"It is not death that we wish to avoid, but life that we wish to live."

If the so-called Antifa, who claim that "love (T)rumps hate", while spreading hate themselves, can barrage the cities with their message, then I counter with Holst's suite: the horror of war ("Mars") giving way to the promise of beauty and peace ("Venus")...the quicksilver charm of "Mercury", the joy of "Jupiter"..."Saturn"'s reminder that our time is limited, and not to be wasted...the magic-show spectacle of "Uranus", and the mysteries of "Neptune"...

With that last piece, and the astrological connotations, I realize I run the risk of invoking the supernatural, the afterlife the undefined, even the irrational. But the future, itself, is not defined, and is mysterious. Mystery also includes the possibility of danger. The beauty promised by Venus, the "Bringer of Peace", is a gift that comes with great responsibility, and needs to be defended, if to be kept, while the Mars-like Antifa, in the ironic confusion of their epitaph, can only promise to be "Bringers of War." So it is with that in mind, and as both a challenge for those who want a better world, and a rebuke to the certainty of the horror that would be made real should the likes of the Antifa, that I offer this quote from ATLAS SHRUGGED:

“In the name of the best within you, do not sacrifice this world to those who are its worst. In the name of the values that keep you alive, do not let your vision of man be distorted by the ugly, the cowardly, the mindless in those who have never achieved his title. Do not lose your knowledge that man’s proper estate is an upright posture, an intransigent mind and a step that travels unlimited roads. Do not let your fire go out, spark by irreplaceable spark, in the hopeless swamps of the approximate, the not-quite, the not-yet, the not-at-all. Do not let the hero in your soul perish, in lonely frustration for the life you deserved, but have never been able to reach. Check your road and the nature of your battle. The world you desired can be won, it exists, it is real, it is possible, it’s yours."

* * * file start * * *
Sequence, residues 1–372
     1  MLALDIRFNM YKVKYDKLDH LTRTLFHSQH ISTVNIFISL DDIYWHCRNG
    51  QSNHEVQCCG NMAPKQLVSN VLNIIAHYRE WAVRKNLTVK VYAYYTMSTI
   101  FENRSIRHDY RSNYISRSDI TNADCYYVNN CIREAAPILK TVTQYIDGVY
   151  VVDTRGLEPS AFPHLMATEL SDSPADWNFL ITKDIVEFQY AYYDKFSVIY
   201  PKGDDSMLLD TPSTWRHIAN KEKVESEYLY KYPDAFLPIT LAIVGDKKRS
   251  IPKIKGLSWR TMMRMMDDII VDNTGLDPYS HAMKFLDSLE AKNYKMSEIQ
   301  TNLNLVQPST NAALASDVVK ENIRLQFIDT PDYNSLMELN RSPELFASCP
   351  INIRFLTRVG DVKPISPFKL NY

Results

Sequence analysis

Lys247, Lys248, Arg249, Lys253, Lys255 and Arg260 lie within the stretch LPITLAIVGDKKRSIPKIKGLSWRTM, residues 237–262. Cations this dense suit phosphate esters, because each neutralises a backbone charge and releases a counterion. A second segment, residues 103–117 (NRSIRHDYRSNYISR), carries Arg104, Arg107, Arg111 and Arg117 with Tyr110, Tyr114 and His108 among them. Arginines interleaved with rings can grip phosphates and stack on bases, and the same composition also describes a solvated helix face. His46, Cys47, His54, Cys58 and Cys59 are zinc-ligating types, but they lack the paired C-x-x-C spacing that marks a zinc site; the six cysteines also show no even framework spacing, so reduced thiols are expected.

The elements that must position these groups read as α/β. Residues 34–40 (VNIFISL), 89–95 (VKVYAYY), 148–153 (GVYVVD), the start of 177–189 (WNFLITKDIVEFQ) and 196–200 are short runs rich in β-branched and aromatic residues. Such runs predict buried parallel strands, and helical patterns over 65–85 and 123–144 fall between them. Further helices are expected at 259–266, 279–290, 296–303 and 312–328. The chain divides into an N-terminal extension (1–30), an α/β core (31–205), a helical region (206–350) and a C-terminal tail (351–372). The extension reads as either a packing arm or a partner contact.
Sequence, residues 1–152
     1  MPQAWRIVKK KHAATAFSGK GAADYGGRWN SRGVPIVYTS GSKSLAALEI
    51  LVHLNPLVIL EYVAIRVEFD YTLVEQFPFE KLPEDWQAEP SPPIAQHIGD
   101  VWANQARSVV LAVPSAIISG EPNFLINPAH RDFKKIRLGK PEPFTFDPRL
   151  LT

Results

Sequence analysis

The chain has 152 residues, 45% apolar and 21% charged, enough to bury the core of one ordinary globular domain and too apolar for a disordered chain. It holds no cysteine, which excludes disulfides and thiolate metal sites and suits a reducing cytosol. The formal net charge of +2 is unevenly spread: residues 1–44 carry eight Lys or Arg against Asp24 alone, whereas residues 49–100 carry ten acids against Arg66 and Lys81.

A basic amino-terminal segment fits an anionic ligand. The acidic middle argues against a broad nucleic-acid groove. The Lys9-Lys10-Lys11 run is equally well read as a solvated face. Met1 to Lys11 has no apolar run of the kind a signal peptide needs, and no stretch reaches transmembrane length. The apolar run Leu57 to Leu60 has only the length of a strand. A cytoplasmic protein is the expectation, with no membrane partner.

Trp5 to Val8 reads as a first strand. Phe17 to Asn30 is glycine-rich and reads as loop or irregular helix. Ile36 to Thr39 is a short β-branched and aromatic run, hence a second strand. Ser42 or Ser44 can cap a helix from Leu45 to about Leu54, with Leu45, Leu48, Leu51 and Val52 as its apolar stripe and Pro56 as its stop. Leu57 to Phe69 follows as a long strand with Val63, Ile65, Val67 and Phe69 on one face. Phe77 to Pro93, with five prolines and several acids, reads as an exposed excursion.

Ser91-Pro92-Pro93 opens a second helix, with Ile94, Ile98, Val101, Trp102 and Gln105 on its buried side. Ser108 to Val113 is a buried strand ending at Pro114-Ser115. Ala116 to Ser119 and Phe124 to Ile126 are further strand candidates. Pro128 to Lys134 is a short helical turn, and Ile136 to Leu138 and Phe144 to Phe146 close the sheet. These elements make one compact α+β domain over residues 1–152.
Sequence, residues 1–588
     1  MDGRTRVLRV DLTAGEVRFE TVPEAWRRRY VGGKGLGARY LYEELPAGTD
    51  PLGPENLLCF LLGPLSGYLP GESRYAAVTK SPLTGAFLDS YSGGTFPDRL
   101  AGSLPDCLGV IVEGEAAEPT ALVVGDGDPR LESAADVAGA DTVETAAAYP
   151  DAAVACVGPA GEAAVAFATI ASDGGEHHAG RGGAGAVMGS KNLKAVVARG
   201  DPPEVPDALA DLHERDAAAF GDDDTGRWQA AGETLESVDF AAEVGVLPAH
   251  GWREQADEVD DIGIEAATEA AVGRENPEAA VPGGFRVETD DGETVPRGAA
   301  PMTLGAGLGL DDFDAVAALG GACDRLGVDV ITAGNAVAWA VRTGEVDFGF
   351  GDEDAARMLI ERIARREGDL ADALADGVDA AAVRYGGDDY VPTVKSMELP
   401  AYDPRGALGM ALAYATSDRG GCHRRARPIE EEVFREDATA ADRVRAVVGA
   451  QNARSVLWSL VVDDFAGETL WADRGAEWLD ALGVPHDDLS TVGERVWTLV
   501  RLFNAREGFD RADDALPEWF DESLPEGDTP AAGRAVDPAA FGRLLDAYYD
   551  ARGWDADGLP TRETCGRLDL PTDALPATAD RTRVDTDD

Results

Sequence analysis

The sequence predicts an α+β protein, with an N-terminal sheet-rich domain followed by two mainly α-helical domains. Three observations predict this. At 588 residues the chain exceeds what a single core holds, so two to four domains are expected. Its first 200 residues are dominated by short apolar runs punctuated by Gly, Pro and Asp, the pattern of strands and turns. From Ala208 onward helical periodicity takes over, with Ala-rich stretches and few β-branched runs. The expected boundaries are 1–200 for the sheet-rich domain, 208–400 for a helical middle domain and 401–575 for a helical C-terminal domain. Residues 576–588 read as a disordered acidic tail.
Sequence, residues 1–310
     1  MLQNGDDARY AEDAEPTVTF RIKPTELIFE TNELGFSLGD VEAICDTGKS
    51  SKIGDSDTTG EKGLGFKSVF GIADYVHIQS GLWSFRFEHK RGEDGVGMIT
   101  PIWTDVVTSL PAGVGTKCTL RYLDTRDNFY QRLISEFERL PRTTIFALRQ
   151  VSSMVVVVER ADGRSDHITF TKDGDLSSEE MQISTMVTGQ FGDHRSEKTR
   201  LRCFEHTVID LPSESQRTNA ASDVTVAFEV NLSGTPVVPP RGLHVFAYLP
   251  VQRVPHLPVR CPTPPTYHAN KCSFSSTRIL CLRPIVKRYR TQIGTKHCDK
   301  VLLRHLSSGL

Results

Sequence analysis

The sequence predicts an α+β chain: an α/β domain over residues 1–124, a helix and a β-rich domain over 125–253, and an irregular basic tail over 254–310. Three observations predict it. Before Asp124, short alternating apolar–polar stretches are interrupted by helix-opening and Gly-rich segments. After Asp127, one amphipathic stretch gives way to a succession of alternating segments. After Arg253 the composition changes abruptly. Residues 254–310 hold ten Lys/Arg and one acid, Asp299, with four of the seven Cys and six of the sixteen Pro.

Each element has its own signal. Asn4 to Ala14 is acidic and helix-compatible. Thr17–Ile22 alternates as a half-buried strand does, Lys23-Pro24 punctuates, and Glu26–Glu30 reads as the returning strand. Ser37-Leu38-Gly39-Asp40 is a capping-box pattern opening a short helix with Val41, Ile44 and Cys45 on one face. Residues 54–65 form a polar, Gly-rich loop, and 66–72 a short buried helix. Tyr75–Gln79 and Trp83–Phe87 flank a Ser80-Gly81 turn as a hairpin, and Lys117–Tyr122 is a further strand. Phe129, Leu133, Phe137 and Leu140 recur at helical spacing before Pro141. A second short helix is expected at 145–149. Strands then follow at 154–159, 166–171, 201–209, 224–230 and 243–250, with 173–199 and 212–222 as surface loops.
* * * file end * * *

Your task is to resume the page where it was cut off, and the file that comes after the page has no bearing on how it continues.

So, yes, the finale of THE PLANETS is mysterious and uncertain. But, then, Holst did not compose a piece for "Earth". That is for us to write, outside of the concert hall. If the live performance was "otherwordly", then what other kind of world can we make for ourselves, on THIS world? "Mysterious" may indeed be the "not-yet", but it does not have to be a synonym for "the not-quite", or the "not-at-all". And the Earth, our world, does not have to be sacrificed to its worst.


Jmaurone's picture

Thanks, Linz. I really did enjoy it, even if it was a little "stuffy." But the tradeoff was worth it, at least in terms of not only being able to appreciate the acoustics and musical dynamics, but in no crying babies, or screaming children...(If I wanted that, I could have just gone to the Antifa rally...)

People Across the Country Literally Screamed at the Sky on the Anniversary of Trump’s Election, and It’s Hilarious

"Anti-Donald Trump citizens around the country vented their frustration about the one-year anniversary of his presidential election victory on Wednesday by screaming at the sky...A protest in Philadelphia only saw a few people show up; they appeared to be outnumbered by oglers taking pictures and videos of the odd scene."

"Today in Weird Philly: a handful of people showed up for a semi-viral event to "scream helplessly at the sky" on the anniversary of Trump’s election (including a couple dozen gleeful Young Republicans, handing out earplugs)..."

Sometimes, silence is golden...


Lindsay Perigo's picture

I can't tell you how thrilled I am to see you writing in this vein about such music. And I couldn't agree more about having to sit Sphinx-like still. I occasionally get into trouble at NZSO concerts for being too demonstrative. In Beethoven's and Rossini's time, it was mayhem down there, a glorious melee. Berlioz once went to a Rossini opera and left, because the audience were so raucous the singing couldn't be heard. "I assumed they were singing since their mouths were wide-open." I don't think audience participation should go that far, but the prevailing anal-retentiveness at classical concerts needs to be full-on assaulted. It's as bad as an ARI event!


Jmaurone's picture

Thank you, Olivia. And for the Churchill invokation. I'm been watching a series on WW2 this week, and now, when the Churchill bits come up, I'll have that music playing in along in my internal soundtrack...

Great post Jo!

Olivia's picture

In Jupiter, when it bursts into the melody of 'I Vow to Thee my Country,' isn't it just magnificent?! Now there's a spiritual experience for you!
I'm listening to it now - of course, I can't hear it without having Winston Churchill in the forefront of my mind - a man who embodied Rand's fantastic excerpt.